Tracey Rose, Any Way the Wind Blows, 2018–2019. Visual script, multimedia performance installation, dimensions variable. Installation view: Sharjah Biennale 14: ‘Leaving the Echo Chamber’. Commissioned by Sharjah Art Foundation. Courtesy of Dan Gunn Gallery, London and Goodman Gallery, Johannesburg. Courtesy of Sharjah Art Foundation.
Staged in the Sharjah Ladies Club ice rink, Any Way The Wind Blows (2019) was fellow South African Tracey Rose’s commissioned performative installation that examined the history the of East African and Indian Ocean slave trade – and the Atlantic slave trade – through the ghost of Jamaican-born political leader, intellectual and orator Marcus Garvey. Rose is best known for her performance work, which embodies a feminist perspective. For her contribution to SB14, she explores the figure of the Moor, the notion of black masculinity, and the similarities and differences between the slave trade in the Atlantic and Indian Oceans. In Rose’s true irreverent-style a Russian ice-skating team was commissioned to traverse the ice-rink, shouting and chanting, while Rose, dressed as an elephant sitting in an ark, instructs the skaters on their actions while referencing a long list in her hands. The work builds on an earlier work The Good Ship Jesus vs The Black Star line hitching a ride on the Alibama (2017), in which she examines the Atlantic slave trade through a conversation between a West coast African man and an African American man. Rose references in its title a song by rock band Queen – whose lead singer, Freddie Mercury, was from Zanzibar. Any Way the Wind Blows continues Rose’s investigation of the power of the scattered African diaspora, while she explores her own heritage as a royal descendent whose paternal family were taken into slavery on a sugar plantation in Mauritius.
Meschac Gaba, Perruques Architectures Émirats Arabes Unis, 2019. Performance and installation, wigs made of artificial hair and metal; dimensions variable. Installation view: Sharjah Biennale 14: ‘Leaving the Echo Chamber’. Commissioned by Sharjah Art Foundation with the support of Gallery In Situ-fabienne leclerc, Paris. Courtesy of the artist and Gallery In Situ-fabienne leclerc, Paris. Photo: Sharjah Art Foundation.
Beninese born Meshac Gaba’s Perruques Architectures Émirats Arabes Unis (2019), took the form of both procession and installation. Gaba’s work playfully addresses questions of representation through serious engagement with the politics of display and conventions of spectatorship – building on his long-time fascination with cityscapes, architectural vernacular and urbanisation as global processes. His hand-braided wigs in the shape of skyscraper buildings started in New York in 2004, where he was reflecting on the city’s density, vertical growth and intricate work of the African hair salons in Harlem. For his SB14 work, Gaba travelled to five of the seven United Arab Emirates visiting over 30 buildings in the production of thirteen wigs that characterise a range of civil society sectors, including culture, education, religion, finance, government, and leisure. The procession of the thirteen performers was led by Gaba through Sharjah’s Art Square, the historic Souq Al Shanasiyah and Souq Saqr – with the wigs finally being exhibited in two shop spaces in Bait Obaid Al Shamsi for the duration of the Biennale. The creation of the wigs enabled Gaba to gain a better understanding of the UAE, its rapid transformations and the gravitational pull the country exerts on the world.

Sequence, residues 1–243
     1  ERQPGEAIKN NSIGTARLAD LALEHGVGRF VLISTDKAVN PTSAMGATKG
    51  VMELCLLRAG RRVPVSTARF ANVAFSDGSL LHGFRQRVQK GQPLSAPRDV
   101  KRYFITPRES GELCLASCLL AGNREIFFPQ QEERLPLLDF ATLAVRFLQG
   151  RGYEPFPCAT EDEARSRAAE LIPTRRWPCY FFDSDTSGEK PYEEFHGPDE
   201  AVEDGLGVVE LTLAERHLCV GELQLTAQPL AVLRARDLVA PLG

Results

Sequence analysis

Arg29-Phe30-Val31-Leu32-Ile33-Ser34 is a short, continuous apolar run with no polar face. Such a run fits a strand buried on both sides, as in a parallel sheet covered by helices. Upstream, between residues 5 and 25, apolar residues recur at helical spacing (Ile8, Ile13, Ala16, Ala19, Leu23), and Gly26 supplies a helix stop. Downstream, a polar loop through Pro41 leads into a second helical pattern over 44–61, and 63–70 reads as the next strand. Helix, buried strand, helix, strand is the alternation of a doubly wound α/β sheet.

The Filipino Superwoman Band, 2019. Performance by Eisa Jocson. Performance view: Sharjah Biennale 14: ‘Leaving the Echo Chamber’. Courtesy of Sharjah Art Foundation.
While I have chosen to focus primarily on Tancons’ inclusion of artists from the African continent, it is in no way meant to diminish the scope and diversity of presentations by artists from other regions like that of Manila-born Eisa Jocson who presented various works that focus on the Overseas Filipino Musician (OFM). A highly entertaining performance by The Filipino Superwoman Band, together with Bunny Cadag and Catherine Go – whose repertoire was built around the 1989 single Superwoman by American R&B singer Karyn White – brought the Saturday evening to a close.
Sharjah Biennale 14’s ambitious presentation requires a great commitment of time, at least a week, in order to navigate the entire geography of the exhibitions presented – the amount of time it would take to explore each individual presentation requires even more investment by the viewer. It is a little sad that very few will probably have the time and resources required to fully experience SB14, especially in light of all the work the curators, artists, and extensive teams behind the Sharjah Foundation have put into the Biennale.
Luckily, Zoe Butt, Omar Kholeif and Claire Tancons’ curatorial contributions and texts will be published by the Sharjah Foundation in three separate volumes and I would strongly recommend you source these three publications to further explore and enjoy this worthy cultural production.
Brendon Bell-Roberts is Editor-in-Chief of ART AFRICA.